Here at Wolf Group Capital Advisors, we have noticed a strange phenomenon recently. It seems to have had its infancy in March of 2000, really grew in power during the financial crisis of 2008 and continues to this day. I am referring to the fact that many people that we talk with seem none too pleased that the stock market is trading at its all-time high.
Remember the good old days (think 1999 and earlier) when making money in the stock market was fun? Well, those days are long gone and seem to have been replaced by feelings of “what goes up must come down” and “it’s not a matter of if the market is going to crash, it’s when.” While these thoughts and sentiments are somewhat normal, they are not necessarily accurate or helpful to one’s long-term asset growth. Investing at the top of the market is obviously not as beneficial as investing at the bottom of the market, however, investing at a top of the market is typically not such a bad thing either. And when one considers the alternatives, the argument can be made that investing at a top of the market is actually a solid strategy.
When discussing matters of “conventional wisdom” I often like to look at various data (aka facts) to see how the facts compare with the conventional wisdom. For instance, let’s assume you were the world’s most unlucky investor and you decided to invest at the most recent market top in 2007 (right before the financial crisis of 2008 hit). Based on S&P 500 index levels, October 9, 2007 was the peak of the 2003-2007 bull market, so we will assume that date for the initial investment. If you had put $100,000 into the S&P 500 on that date, your investment would be worth over $149,000 as of early September 2014. These figures are based on the fact that the S&P 500 has had an annualized total return of 5.96% from 10/07/07 through 09/06/14. Based on the financial press we’ve heard since 2008, it’s hard to believe that even if one invested in the market at what many consider to be one of the absolute worst times in the past 10 years, the return would have averaged almost 6% per year, for the past 7 years.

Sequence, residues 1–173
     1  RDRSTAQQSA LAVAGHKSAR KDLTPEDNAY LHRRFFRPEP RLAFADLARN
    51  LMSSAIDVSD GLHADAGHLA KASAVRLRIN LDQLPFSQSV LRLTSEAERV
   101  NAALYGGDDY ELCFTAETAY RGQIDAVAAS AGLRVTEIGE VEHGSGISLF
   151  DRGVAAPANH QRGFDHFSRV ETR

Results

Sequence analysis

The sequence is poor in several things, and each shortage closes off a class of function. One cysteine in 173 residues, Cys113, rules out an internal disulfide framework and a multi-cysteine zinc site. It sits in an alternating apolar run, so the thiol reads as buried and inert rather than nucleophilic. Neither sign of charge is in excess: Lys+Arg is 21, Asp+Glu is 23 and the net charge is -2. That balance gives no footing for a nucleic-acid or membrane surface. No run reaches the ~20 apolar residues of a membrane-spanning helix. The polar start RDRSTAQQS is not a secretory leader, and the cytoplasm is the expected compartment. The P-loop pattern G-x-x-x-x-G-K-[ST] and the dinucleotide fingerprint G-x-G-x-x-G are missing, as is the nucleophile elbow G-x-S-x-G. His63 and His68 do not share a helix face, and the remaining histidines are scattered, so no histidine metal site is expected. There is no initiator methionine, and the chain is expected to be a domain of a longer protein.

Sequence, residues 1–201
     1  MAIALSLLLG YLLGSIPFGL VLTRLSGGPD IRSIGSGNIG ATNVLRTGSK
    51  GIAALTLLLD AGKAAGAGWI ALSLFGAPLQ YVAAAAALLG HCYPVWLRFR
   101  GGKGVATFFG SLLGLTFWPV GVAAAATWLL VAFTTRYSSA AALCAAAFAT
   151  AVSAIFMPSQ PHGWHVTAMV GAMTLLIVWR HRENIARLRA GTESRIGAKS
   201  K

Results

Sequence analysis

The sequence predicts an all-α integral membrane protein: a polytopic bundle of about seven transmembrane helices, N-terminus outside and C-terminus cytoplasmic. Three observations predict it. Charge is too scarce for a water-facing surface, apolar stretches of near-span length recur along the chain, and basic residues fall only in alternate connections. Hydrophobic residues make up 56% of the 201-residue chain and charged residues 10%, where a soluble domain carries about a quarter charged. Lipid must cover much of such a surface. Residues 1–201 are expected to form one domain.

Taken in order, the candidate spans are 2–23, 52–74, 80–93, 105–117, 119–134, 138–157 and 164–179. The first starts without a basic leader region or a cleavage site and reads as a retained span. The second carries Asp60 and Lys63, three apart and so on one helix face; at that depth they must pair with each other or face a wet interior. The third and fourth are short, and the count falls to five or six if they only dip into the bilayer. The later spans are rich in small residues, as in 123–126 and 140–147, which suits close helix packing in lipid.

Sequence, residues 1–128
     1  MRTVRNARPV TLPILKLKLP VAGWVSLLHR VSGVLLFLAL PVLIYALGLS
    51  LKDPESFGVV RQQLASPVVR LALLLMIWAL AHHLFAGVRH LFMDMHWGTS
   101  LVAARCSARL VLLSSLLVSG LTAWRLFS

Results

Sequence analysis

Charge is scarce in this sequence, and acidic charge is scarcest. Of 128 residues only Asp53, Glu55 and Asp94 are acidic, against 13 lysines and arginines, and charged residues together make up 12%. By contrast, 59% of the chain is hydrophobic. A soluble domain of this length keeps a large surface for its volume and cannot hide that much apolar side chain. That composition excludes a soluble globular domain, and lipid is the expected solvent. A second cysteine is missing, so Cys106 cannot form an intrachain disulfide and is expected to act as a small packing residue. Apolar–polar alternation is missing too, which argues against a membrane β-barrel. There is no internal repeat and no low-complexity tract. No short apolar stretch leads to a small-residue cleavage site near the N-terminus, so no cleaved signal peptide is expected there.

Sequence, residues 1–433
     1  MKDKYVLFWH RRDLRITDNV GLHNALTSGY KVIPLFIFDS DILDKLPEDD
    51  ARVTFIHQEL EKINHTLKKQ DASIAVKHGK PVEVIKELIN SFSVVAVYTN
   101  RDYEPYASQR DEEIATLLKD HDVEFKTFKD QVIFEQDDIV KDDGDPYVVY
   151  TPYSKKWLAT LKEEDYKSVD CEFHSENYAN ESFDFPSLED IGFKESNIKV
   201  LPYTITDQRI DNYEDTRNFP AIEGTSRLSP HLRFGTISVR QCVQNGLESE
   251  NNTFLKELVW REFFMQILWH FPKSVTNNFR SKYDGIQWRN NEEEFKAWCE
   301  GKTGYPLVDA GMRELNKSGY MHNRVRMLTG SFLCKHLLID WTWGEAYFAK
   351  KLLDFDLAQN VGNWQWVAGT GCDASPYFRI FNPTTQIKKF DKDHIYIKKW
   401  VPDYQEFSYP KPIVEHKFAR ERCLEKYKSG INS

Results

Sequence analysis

In 2009, we heard from the financial press that financial assets would never recover. We heard that we should expect “a new normal” and that we should begin to expect equity rates of return of about 4-5%. What was noticeably absent during 2008 and 2009 was a voice of reason pointing out that stocks have always recovered from bear markets. Even history’s worst bear markets cannot compete with the market’s ensuing (and inevitable) broader upward sweep. The value always comes back.
As Howard Marks so deftly pointed out in his latest memo Risk Revisited, what we fear most “is the possibility of permanent loss. A downward fluctuation – which by definition is temporary – doesn’t present a big problem if the investor is able to hold on and come out on the other side. We can ride out volatility, but we never get a chance to undo a permanent loss.”
As simple as the above quote from Marks is, it is something that investors often don’t consider. When markets are decreasing, many investors become emotional. They tend to not think as rationally as they would in “normal” times. They engage in irrational behavior and think that there is a possibility that markets will go to zero and they will suffer a permanent loss.
However, taking a less emotional view, investors can sit back with a clear head and realize that they have time (and all of the ingenuity of global businesses and some of the world’s best global business leaders) on their side. This will lead to more level-headed thinking, which in turn leads to realizing that staying the course is the prudent decision.